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New uranium mine slated for South Australia

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New uranium mine slated for South Australia

A new $110 million uranium mine in South Australia has been given the green light by the state government.

The Four Mile mine has been given final environmental approval by South Australia’s Mineral Resources Minister Tom Koutsantonis.

Koutsantonis said the acceptance of the mine’s program for environment protection and rehabilitation follows the granting last year of a 10-year mining lease.

The project was first given the go-ahead by former Environment Minister Peter Garrett in 2009.

The Four Mile uranium project is located 550km north of Adelaide.

The deposits discovered at Four Mile are said to be the most significant anywhere in the world over the past 25 years.

The initial resource at Four Mile is 3.9 million tonnes at 0.37% uranium oxide containing 15,000 tonnes (32 million lb) of uranium oxide.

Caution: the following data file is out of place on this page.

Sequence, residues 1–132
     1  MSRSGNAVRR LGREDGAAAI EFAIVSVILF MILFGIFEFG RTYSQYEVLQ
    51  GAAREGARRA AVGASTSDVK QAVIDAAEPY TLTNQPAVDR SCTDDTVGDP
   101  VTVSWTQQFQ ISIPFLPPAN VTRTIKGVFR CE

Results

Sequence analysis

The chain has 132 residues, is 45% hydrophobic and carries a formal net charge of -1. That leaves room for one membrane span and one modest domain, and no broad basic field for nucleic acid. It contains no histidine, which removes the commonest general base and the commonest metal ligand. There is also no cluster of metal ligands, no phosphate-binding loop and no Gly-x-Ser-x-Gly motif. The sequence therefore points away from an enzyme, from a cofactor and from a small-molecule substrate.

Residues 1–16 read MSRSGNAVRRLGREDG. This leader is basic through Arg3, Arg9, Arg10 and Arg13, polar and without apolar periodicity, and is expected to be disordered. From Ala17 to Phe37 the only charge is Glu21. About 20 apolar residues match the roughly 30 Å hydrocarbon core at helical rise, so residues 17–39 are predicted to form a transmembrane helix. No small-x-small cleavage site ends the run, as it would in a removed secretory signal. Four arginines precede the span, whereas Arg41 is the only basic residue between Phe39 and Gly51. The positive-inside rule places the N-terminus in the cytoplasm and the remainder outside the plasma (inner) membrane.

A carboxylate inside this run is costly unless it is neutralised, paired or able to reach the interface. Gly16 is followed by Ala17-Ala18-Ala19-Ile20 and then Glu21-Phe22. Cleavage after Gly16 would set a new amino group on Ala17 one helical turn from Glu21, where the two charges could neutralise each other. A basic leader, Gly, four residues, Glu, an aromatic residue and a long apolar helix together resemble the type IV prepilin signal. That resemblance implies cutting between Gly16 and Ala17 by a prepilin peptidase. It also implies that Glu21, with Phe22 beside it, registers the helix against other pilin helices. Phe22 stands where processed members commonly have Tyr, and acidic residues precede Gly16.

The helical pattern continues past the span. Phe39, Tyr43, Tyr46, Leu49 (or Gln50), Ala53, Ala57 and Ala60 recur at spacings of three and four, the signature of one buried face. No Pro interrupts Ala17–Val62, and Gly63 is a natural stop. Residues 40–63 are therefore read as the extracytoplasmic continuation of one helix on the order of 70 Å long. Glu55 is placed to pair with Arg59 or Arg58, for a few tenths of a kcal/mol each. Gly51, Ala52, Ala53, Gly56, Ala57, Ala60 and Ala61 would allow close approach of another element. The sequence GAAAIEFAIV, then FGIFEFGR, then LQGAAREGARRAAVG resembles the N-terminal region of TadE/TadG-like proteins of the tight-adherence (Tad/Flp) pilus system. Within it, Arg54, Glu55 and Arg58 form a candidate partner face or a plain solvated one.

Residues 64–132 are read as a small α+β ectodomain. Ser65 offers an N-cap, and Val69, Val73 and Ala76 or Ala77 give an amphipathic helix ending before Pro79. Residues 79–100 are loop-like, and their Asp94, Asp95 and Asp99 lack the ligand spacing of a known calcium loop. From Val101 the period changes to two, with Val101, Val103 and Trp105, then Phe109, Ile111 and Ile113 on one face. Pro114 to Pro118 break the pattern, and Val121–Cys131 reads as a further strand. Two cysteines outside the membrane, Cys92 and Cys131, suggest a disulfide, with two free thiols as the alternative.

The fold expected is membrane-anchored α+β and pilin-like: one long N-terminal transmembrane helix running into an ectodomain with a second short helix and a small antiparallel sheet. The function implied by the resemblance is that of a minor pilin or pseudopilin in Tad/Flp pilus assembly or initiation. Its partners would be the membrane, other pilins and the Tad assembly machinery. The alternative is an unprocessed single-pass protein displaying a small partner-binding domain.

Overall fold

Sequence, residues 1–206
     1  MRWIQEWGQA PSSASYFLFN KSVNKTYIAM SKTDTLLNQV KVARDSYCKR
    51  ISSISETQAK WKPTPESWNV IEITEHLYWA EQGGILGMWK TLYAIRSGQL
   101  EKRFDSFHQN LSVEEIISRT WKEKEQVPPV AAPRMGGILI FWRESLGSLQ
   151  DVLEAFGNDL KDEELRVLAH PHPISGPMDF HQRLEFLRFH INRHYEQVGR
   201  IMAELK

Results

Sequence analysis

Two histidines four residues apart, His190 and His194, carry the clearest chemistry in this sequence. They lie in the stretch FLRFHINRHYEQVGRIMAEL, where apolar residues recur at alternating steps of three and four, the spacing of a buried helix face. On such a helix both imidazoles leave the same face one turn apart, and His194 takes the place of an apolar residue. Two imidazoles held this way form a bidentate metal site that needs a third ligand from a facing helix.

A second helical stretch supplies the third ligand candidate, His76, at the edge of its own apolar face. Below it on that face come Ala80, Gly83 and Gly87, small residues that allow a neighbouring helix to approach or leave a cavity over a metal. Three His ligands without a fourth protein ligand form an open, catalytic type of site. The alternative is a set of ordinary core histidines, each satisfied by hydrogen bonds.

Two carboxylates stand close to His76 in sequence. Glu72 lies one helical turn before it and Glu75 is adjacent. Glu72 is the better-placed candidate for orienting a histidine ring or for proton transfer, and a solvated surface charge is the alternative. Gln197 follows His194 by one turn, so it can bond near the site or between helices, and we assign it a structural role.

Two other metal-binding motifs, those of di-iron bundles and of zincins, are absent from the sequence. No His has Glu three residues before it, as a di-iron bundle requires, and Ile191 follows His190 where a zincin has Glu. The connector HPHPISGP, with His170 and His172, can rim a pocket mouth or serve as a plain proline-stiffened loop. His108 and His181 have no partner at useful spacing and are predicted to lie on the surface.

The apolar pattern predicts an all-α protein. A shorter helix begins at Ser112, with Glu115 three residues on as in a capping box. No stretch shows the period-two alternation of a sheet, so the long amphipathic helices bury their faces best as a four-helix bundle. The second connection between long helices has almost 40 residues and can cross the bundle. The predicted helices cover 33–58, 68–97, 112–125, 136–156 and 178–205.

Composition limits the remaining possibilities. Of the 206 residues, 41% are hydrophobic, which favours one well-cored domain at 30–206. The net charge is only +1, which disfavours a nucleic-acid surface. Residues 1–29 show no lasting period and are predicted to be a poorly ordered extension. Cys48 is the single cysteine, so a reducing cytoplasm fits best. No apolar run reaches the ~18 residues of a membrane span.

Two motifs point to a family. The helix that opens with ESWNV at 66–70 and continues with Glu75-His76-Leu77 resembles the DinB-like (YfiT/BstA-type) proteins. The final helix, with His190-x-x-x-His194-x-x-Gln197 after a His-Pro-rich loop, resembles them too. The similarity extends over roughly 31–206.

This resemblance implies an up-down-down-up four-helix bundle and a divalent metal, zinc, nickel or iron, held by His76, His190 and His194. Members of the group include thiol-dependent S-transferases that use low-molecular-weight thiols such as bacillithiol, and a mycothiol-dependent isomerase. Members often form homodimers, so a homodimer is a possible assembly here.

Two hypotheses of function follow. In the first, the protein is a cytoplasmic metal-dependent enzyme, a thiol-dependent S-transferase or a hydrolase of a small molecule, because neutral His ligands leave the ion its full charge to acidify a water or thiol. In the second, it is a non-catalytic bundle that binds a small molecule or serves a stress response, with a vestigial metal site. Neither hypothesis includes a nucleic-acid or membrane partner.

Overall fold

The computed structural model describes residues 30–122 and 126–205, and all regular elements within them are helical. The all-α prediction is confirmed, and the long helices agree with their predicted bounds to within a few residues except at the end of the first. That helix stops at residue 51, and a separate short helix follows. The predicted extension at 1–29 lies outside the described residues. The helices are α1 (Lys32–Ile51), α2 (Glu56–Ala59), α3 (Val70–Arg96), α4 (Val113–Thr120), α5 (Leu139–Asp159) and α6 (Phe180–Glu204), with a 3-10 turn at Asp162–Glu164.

The mine is a joint venture between Quasar Resources Ltd and Alliance Craton Explorer Ltd.

Quasar is an affiliate of Heathgate Resources, owner and operator of the adjacent Beverley uranium mine - Australia's third uranium mine.

In a statement to the ASX, Alliance Resources said the construction of the mine was subject to key steps including modification to Beverley’s existing environmental protection and rehabilitation plans to accommodate the Four Mile operations.

The company also noted that further Commonwealth approval would be required for the relevant monitoring programs and plans as required under the Commonwealth Environment Protection Act

In approving the uranium project, Koutsantonis said he was confident that uranium mining could continue in the state without incident.

"For more than a decade, Heathgate has run a first-class operation at Beverley and I am confident those practices will continue at Four Mile," Koutsantonis said.

“The new mine will create jobs in both the short and long term and contribute to the ongoing employment of Heathgate Resource’s existing 200 person workforce.”

As Australian Mining recently reported, demand for uranium is set to outstrip supply by more than 11,000 tonnes this year, creating more opportunities for investment in the Australian sector.

The South Australian Government has previously made it clear that it openly and actively supports exploration for uranium in the state.

They said they have streamlined project approval processes, improved transparency, and boosted industry and community confidence in regulatory processes.


 

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